Study Abroad Living Overseas Studying in another Country Living Abroad Work Visas

Congratulations on your decision to study abroad. It’s a wise choice indeed. Spending an academic semester, year, or entire program overseas in another country has so wonderful advantages and is personally and professionally enriching. You will be exposed to another culture and work ethic, have the opportunity to learn a new language, make new friends, get a global education, expand your network, and learn and discover the world independently. The richness of an international education is rightfully looked upon extremely favourably both by North American and overseas employers. If you decide that you love your host country, you can possibly even convert your study visa to a work visa and stay work in your host country as a permanent resident.

I have both studied and worked abroad and found the experience culturally and professionally invigorating and enlightening, but the decision to temporarily move away should not be a whimsical one and needs to made for the right reasons. Before you embark on your personal and academic journey, ponder your decision carefully. After all, it’s an important one that will influence your career direction for the rest of your life.

Some points to think about:

*Is the program of study recognized by North American standards or will I have to re-certify myself when I return?

An important consideration is whether or not the program or academic designation meets your home country’s standards upon completion. If it does not, you may yourself retaking similar courses, paying extra for certification, or even repeating the program. If you are pursuing a professional designation, obtain a detailed syllabus of your desired program and contact your profession’s designated association and find out out if your program’s degree or certification meets local industry standards. Also research your institution very carefully to find out if it is reputable by both your host country and North American standards.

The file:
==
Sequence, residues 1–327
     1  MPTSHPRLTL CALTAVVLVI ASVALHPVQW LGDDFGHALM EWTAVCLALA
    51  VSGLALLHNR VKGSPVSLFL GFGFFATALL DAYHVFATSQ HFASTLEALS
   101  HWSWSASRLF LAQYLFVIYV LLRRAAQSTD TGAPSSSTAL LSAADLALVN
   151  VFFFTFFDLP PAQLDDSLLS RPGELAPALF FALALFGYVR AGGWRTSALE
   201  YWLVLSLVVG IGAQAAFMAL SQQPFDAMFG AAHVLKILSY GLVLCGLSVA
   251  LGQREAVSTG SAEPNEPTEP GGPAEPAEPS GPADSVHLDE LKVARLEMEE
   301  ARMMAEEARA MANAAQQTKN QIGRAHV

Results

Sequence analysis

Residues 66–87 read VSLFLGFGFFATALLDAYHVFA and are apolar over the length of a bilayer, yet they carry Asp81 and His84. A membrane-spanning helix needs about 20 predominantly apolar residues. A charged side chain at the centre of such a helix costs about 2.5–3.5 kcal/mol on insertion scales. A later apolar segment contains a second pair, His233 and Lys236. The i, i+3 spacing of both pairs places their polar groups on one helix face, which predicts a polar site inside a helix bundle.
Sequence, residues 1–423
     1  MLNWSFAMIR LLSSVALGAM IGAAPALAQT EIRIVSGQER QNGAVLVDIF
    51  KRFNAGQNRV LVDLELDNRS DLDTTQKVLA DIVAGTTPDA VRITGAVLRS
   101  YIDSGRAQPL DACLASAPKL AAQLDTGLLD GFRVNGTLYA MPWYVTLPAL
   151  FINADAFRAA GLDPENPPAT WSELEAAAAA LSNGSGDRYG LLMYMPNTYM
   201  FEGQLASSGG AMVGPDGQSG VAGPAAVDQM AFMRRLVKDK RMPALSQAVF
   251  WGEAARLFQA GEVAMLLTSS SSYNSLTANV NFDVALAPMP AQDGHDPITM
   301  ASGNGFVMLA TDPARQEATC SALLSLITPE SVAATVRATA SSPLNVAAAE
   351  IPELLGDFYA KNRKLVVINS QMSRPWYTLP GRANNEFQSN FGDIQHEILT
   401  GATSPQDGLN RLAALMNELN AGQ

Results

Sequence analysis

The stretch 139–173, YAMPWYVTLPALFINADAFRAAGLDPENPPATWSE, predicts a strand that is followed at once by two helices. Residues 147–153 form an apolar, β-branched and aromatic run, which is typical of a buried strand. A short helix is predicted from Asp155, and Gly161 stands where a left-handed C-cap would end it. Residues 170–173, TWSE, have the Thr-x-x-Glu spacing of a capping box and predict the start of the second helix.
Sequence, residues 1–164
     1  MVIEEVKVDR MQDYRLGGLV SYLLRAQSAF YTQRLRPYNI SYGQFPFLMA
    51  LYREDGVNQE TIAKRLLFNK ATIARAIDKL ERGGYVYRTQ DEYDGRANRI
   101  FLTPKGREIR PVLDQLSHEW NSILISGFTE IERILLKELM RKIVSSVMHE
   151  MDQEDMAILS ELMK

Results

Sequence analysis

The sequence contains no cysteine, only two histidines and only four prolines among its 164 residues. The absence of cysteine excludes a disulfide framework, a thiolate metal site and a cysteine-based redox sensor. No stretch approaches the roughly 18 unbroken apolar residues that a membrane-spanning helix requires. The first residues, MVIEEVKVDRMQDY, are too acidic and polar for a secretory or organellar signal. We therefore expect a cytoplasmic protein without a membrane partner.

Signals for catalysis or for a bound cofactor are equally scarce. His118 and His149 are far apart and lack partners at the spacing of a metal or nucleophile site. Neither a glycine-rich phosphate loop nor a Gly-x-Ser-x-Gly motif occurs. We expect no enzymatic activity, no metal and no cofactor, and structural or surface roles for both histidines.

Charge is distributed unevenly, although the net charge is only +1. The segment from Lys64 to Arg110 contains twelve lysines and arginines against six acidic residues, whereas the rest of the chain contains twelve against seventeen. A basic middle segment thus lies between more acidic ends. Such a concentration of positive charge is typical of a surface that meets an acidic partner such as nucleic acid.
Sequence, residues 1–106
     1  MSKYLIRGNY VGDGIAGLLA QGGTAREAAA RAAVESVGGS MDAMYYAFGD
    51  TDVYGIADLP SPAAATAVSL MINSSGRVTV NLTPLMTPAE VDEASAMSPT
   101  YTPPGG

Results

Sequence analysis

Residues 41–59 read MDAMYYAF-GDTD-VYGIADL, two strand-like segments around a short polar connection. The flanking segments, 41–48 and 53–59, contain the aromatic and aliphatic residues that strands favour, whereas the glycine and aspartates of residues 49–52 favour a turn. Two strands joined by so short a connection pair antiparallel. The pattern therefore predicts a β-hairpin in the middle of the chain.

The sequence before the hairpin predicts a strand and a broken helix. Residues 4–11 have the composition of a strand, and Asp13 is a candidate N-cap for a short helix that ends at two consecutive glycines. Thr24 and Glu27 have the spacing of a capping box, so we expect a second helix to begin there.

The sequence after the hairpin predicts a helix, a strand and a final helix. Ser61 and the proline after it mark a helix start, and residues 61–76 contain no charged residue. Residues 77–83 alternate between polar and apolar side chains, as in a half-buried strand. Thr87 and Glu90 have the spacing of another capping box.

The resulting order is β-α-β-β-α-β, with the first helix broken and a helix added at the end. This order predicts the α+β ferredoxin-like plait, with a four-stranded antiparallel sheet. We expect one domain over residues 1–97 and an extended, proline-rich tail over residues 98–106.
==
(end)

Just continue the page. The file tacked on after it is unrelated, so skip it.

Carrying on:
*Are there scholarships, grants, bursaries or financial aid for international students? Is there any general support for international students at my institution of choice?

Study abroad expenses and international tuition fees are quite expensive, even if you look for a job, so think about the resources available to you. Also research the cost of living in your desired country. You have to pay for rent, health insurance, food, books, and many other expenses. Is your host country more expensive or less expensive than your own? To help finance your program of study, you should inquire about financial assistance from many sources, including your own government, professional and private societies, organizations or associations, and most especially your host country’s financial aid and international student offices.

Many academic institutions in Europe have an Erasmus programs that provides help, housing and general assistance for international students involved in educational exchange.

*Will I be able to work in my host country and does my desired program have an internship or co-op to help me gain experience?

An arguably essential element of studying abroad is the precious opportunity to gain badly needed international work experience. If there is an internship or co-op component included in your program of study, you can apply what you have learned in a multicultural work environment. If there is not, try and look into the possibility of also applying for various work visas in your country of choice, Many countries allow up to 20 hours of work per week for student visa holders, so try and look for a job in your field if there is no post secondary job placement. If you are in a country that offers Working Holiday Visas, explore this option if you are approaching the end of your studies and would like to look for a full time job, or are waiting for a long term work visa. If you are in a European Union country and are of European descent, you may be eligible for EU citizenship and should investigate this option prior to departure. This will facilitate the work visa process and eliminate needless bureaucratic red tape.

*Can I handle culture shock and being away from home and is the country the right place for me?

You may love the program and the country, but pragmatically can you easily handle different cultural norms and social etiquette? Some people are home bodys and some are not. Decide if you can adjust and integrate into a different culture and make friends readily, or if you prefer consistency and familiarity. It won’t be easy to reverse your decision once you have made it, so research your school’s reputation and your host country very carefully prior to departure.

If you do decide and go away to study abroad, be sure to register your name at your country of origin’s nearest consulate or embassy in order to vote and renew documents while you are away from home. Many a foreign student has needed legal or emergency help from the Consul General during long stays abroad so register your presence.

Last of all, never forget to vote for your own government;s elections while you overseas.